“All the autoimmune encephalitis disorders that can kill you, such as anti-NMDA, present for the first 2 to 5 weeks with psychiatric symptoms only,” she said.

Kenoe’s pediatrician filled her in on the controversy around the diagnosis, as well as around treatment, which for Nate involves use of ibuprofen and antibiotics.

“We had to discuss with our provider and as a family if the benefits of being on long-term antibiotics and ibuprofen would outweigh any harm they could cause. But for us, it was worth having our son back,” said Kenoe.

Some doctors believe ibuprofen can decrease brain inflammation, and that antibiotics also have an anti-inflammatory affect.

“PANDAs is not an active ongoing infection, it’s a misdirected response to the brain; the brain thinks strep is in there so it’s attacking it like so many other autoimmune disorders,” Kenoe said.

Guidelines for treatment of PANDAS, co-authored by Swedo, were published in 2017 in the Journal of Child and Adolescent Psychopharmacology. Based on the severity of the case, treatments include antibiotics and anti-inflammatory medications, such as nonsteroidal anti-inflammatory medications, steroids, or intravenous immune globulin. Psychiatric medications and psychological support, such as cognitive behavioral therapy, also are recommended.

However, the AAP states in its Red Book, “There is also insufficient evidence to support antibiotic treatment or prophylaxis, Immune Globulin Intravenous, or plasmapheresis for children with symptoms suggestive of PANDAS or PANS. Management is best directed by specialists with experience presenting symptoms and signs, which could include child psychiatrists, behavioral and developmental pediatricians, or child neurologists.”

In addition to receiving treatment from Nate’s pediatrician, the Kenoes took Nate to a neurologist who recommended he take antipsychotic medication, which the Kenoes declined.

They also took Nate to a doctor who specializes in PANDAS, who recommended they have Nate’s tonsils taken out to remove any strep infection completely. They went ahead with the surgery shortly after his diagnosis in November of 2018.

The NIMH states that current research does not suggest that tonsillectomies for children with PANDAS are helpful. Still, Kenoe stands by their decision.

“We were hopeful and saw improvement in his flares, but the flares continued well into spring and summer. We saw doctors upon doctors, and one neurologist who doesn’t believe in PANDAS ordered a brain MRI to rule out a tumor. This is how perplexed doctors were by Nate’s behaviors and neurological changes,” said Kenoe.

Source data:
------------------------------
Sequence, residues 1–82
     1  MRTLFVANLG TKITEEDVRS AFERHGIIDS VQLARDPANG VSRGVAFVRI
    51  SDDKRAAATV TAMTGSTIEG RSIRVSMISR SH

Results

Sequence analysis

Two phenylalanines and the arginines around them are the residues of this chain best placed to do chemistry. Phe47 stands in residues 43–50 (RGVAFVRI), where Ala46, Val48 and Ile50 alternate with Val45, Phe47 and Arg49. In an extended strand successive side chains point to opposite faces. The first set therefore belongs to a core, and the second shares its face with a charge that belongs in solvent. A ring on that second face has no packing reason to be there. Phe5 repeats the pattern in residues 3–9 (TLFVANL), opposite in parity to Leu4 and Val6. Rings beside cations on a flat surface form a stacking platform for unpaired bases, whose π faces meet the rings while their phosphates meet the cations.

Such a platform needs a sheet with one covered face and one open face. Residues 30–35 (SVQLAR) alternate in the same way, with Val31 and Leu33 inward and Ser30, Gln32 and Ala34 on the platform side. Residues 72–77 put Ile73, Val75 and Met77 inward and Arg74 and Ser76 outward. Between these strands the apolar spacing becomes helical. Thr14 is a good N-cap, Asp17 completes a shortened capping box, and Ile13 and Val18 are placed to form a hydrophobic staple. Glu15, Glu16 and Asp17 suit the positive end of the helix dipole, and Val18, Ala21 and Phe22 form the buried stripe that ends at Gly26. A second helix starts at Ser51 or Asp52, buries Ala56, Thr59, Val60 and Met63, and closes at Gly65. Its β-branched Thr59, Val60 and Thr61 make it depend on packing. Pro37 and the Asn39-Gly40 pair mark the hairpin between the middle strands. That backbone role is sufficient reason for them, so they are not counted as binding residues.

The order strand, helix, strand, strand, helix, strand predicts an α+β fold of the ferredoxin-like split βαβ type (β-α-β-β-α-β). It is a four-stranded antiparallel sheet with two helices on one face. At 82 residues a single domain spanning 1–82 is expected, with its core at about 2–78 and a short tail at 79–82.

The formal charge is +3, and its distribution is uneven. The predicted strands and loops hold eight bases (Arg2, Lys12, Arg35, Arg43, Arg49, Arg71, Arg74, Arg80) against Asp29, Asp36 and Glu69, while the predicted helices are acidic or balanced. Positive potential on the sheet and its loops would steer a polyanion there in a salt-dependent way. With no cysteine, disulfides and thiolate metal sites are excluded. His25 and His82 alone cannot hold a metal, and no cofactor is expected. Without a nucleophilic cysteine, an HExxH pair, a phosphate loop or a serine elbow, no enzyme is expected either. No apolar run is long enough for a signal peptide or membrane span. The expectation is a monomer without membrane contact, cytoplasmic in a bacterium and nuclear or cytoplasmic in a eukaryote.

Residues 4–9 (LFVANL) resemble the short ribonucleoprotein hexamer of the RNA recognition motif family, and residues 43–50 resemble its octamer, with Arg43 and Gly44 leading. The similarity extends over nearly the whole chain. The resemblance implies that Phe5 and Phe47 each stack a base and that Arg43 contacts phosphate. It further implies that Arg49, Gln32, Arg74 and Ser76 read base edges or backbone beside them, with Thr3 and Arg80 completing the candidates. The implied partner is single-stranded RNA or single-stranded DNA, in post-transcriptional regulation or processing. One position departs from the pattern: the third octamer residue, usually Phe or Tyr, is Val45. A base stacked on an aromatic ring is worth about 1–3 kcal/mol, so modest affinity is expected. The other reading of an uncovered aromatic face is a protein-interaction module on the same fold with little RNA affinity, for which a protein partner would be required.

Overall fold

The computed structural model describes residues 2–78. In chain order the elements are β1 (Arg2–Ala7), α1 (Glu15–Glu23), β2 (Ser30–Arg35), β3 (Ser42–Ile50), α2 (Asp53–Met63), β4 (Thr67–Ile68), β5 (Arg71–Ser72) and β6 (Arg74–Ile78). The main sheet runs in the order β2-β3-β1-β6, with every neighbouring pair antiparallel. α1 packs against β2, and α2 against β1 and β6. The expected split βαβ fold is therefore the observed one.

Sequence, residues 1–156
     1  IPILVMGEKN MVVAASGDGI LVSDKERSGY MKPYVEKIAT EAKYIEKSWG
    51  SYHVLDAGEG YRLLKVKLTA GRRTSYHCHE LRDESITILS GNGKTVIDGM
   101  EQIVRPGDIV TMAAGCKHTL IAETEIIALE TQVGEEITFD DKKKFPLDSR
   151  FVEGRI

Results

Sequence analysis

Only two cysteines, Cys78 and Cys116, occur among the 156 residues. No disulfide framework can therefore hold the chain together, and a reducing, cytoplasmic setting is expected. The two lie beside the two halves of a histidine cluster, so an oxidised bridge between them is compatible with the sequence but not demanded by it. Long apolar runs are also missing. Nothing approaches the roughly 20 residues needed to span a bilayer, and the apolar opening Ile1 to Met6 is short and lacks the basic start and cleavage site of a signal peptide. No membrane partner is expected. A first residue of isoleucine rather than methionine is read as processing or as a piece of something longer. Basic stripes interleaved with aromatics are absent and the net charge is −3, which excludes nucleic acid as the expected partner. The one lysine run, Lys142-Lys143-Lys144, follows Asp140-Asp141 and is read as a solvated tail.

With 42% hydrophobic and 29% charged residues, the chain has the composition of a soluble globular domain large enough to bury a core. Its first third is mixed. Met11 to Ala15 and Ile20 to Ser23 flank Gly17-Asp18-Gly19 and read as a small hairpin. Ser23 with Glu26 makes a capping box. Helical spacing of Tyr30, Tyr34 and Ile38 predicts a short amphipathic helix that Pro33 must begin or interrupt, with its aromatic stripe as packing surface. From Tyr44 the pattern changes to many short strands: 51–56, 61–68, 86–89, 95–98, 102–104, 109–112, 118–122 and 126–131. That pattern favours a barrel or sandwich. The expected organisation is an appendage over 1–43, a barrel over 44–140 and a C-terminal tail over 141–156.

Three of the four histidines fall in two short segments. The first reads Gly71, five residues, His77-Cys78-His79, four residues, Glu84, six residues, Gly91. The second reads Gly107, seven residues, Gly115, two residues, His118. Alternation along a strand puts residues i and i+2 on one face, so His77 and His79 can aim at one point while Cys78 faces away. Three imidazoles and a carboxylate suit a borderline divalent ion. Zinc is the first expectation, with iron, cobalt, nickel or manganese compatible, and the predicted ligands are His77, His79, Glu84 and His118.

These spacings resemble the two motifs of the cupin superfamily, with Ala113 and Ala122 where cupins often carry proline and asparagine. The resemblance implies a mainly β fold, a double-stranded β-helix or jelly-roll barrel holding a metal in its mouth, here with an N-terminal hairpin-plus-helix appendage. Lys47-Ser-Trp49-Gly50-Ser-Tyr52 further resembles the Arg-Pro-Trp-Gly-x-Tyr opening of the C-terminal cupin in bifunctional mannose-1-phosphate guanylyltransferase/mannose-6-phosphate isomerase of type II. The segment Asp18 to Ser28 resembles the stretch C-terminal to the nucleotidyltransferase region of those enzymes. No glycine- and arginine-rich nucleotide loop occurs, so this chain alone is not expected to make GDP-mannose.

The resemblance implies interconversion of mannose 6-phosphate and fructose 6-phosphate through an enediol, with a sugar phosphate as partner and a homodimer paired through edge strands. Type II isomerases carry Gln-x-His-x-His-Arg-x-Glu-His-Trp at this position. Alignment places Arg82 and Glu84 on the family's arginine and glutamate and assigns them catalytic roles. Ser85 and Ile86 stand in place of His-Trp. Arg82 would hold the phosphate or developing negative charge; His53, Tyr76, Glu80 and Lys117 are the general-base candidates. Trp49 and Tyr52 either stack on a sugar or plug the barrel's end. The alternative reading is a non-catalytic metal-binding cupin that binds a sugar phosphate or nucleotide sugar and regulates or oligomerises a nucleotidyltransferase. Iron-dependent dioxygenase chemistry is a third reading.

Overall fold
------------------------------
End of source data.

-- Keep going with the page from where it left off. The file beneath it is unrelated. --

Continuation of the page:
Ultimately, she believes the antibiotics and anti-inflammatories are what help Nate best.

“I feel so blessed to have had a quick diagnosis and aggressive treatment, as many kids are misdiagnosed with ‘acute psychosis’ and prescribed psychiatric medication with no additional treatment that proves no benefit to treating the root cause, PANDAS,” said Kenoe.

While Nate is much better than he was a year ago, Kenoe says any cold or virus will initiate a flare that could include bedwetting, sensory disturbances, and impulsivity.

“I know a flare is coming when he gets a glazed look, a darkening under his eyes appears, and he’s not showing a lot of emotion. He’s not happy or sad, he’s just not his usual outgoing and spunky self,” said Kenoe.

“Even though we’ve seen vast improvement over the course of a year, he still struggles with sensory issues in his feet especially. An in-home occupational therapist was a great help when he refused to wear shoes or socks. As parents, we of course are looking for a 100 percent recovery. I see progress every month and am extremely thankful, but look forward to PANDAS being a part of our past,” said Kenoe.

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Nate Kenoe (pictured above) is doing much better today after treatment, but his mother says he is still experiencing “sensory issues.” She remains hopeful her son will make a full recovery soon. Image via Katie Kenoe

Kenoe hopes sharing her story will help other families who feel they have to hide behind the controversy of PANDAS while enduring immense stress.

“Countless families are dealing with this in silence. The hardest part of the whole thing is when you get a cancer diagnosis, it’s recognized. You get tremendous support, and doctors are behind you, but with PANDAS as soon as you say it, many doctors will discredit you,” said Kenoe. “In support groups I belong to for PANDAS, I’ve heard stories of children being taken from their parents to receive psychiatric evaluation, and some parents have waited years for a diagnosis.”

If you’re concerned your child may have PANDAS, Swedo says visit your pediatrician and talk about the abrupt onset of systems they are experiencing, such as urinary frequency, sleep issues, and behavioral changes.

“Focus on the physical as well as on the behavioral. [State] complaints as clearly and logically as possible, but do not use the word PANDAS… let the practitioner tell you that,” she said.

She also suggests visiting the websites ASPIRE and PANDAS Physicians Network for more information.

Kenoe agrees, and says educating herself on PANDAS and advocating for her son is necessary in a time when PANDAS is poorly recognized.

“I’m angry this disorder has made me a more fearful and cautious mother of my three children. I worry about strep all the time. But if I can turn that worry into awareness, I think I can help PANDAS become less controversial, and the less controversial it is, the more funding will go towards research, and the more children will be helped,” she said.

Cathy Cassata is a freelance writer who specializes in stories about health, mental health, and human behavior. She has a knack for writing with emotion and connecting with readers in an insightful and engaging way. Read more of her work here.